- Deputy Speaker Gladys Boss directed the Departmental Committee on Justice and Legal Affairs to conduct the inquiry.
- Justice Koome directed High Courts to change how they handle cases both at the registry and during proceedings.
MPs have launched an inquiry into steps taken by the Judiciary to address the backlog of 521,823 cases.
The Judiciary and the Administration of Justice Annual Report (SOJAR) for the 2021-22 Financial Year cited 521,823 cases as pending in various magistrate courts as of June 30, 2022.
Matuga MP Kassim Tandaza said the Judicial Service Commission (JSC) should also provide a status report regarding the construction of new court infrastructure in every subcounty to enhance timely access to justice and speed up the conclusion of cases pending in various magistrates’ courts countrywide.
“Provide a status report on when the stalled court building in Kwale, Matuga Constituency, will be completed and state the amount of money allocated to the project,” he said.
Deputy Speaker Gladys Boss directed the Departmental Committee on Justice and Legal Affairs to conduct the inquiry.
In June, Chief Justice Martha Koome warned judges against delaying cases.
She regretted that despite the judges being facilitated to determine their cases in a reasonable time, there were still delays.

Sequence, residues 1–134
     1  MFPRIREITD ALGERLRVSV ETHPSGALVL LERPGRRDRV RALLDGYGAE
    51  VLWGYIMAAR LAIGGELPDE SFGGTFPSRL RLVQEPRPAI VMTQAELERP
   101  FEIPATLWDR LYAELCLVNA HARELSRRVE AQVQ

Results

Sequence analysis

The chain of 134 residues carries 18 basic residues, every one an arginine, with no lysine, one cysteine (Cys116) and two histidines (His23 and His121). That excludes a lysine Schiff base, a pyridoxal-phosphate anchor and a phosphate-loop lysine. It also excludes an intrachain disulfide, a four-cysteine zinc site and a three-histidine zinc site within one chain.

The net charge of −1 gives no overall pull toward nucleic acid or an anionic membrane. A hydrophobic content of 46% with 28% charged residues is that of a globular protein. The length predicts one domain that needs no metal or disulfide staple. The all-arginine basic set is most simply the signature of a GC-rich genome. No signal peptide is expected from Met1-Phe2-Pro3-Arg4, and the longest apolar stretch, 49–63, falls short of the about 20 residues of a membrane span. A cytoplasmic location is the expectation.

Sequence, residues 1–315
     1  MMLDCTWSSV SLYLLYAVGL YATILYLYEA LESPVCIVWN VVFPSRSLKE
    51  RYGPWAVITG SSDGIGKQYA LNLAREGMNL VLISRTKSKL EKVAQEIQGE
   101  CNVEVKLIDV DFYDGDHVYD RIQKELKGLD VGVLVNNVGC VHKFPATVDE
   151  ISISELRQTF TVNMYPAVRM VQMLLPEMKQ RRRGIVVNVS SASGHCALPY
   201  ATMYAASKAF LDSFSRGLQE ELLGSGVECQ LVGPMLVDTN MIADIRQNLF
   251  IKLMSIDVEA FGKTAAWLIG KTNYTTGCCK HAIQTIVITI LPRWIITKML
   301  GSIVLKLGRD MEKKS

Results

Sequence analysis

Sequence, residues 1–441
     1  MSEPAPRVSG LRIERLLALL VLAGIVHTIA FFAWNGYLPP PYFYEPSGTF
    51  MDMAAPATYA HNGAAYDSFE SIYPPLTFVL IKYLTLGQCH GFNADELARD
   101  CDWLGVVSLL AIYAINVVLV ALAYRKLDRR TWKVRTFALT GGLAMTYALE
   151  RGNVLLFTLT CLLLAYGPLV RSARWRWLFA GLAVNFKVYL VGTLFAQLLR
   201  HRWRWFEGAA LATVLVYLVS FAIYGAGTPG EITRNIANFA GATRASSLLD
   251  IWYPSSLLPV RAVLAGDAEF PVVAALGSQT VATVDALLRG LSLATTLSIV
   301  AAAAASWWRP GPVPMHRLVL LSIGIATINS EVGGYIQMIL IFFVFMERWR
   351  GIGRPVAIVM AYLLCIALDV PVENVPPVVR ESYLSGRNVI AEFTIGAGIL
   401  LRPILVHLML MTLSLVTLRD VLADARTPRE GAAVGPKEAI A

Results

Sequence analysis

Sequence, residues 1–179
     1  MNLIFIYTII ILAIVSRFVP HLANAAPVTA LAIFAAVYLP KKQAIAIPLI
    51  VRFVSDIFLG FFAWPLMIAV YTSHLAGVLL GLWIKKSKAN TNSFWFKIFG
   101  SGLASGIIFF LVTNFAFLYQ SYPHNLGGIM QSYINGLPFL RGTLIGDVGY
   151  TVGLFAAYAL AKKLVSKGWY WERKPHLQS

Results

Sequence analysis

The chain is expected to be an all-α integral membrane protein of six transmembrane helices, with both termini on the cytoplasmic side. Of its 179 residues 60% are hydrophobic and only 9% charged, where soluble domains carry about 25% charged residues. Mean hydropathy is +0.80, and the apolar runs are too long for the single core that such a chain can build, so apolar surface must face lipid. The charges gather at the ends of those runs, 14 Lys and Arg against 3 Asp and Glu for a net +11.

"And the delay is in two categories; delay in delivery of judgements where in some cases the delay is for a period exceeding three years. Stature prescribes the period/time to be taken to prepare decisions. I see no reason why judges are not complying with those timelines,” the CJ said.
She said the second delay was in pronouncing decisions.
"The reality is there are litigants in our corridors searching for decisions delivered months earlier," she said.
She said as leaders in courts they have a role to play and ensure good management of cases to avoid building up huge backlogs of pending determinations.
Justice Koome directed High Courts to change how they handle cases both at the registry and during proceedings.
In November 2022, the Judiciary announced that by June 2023, the construction of eight courts at Sh2.7 billion would be complete.
The projects stalled owing to budget cuts that were seen as a deliberate attempt to undermine the Judiciary under former Chief Justice David Maraga.
President William Ruto has pledged his support to the Judiciary.
The President has said he would enhance the annual allocation for the Judiciary for the next five years.